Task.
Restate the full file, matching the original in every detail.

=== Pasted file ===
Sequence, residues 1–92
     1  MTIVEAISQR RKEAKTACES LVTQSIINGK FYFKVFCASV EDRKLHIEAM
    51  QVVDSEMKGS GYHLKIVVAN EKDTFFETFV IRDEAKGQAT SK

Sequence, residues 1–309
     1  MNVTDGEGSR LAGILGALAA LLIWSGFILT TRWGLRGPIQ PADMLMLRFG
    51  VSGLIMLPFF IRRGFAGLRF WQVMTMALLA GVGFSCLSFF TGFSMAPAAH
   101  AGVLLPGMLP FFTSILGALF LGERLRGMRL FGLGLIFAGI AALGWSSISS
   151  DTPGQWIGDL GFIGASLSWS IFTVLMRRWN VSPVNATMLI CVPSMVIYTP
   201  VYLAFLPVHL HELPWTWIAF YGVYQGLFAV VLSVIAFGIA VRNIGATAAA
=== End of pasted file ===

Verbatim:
Sequence, residues 1–92
     1  MTIVEAISQR RKEAKTACES LVTQSIINGK FYFKVFCASV EDRKLHIEAM
    51  QVVDSEMKGS GYHLKIVVAN EKDTFFETFV IRDEAKGQAT SK

Sequence, residues 1–309
     1  MNVTDGEGSR LAGILGALAA LLIWSGFILT TRWGLRGPIQ PADMLMLRFG
    51  VSGLIMLPFF IRRGFAGLRF WQVMTMALLA GVGFSCLSFF TGFSMAPAAH
   101  AGVLLPGMLP FFTSILGALF LGERLRGMRL FGLGLIFAGI AALGWSSISS
   151  DTPGQWIGDL GFIGASLSWS IFTVLMRRWN VSPVNATMLI CVPSMVIYTP
   201  VYLAFLPVHL HELPWTWIAF YGVYQGLFAV VLSVIAFGIA VRNIGATAAA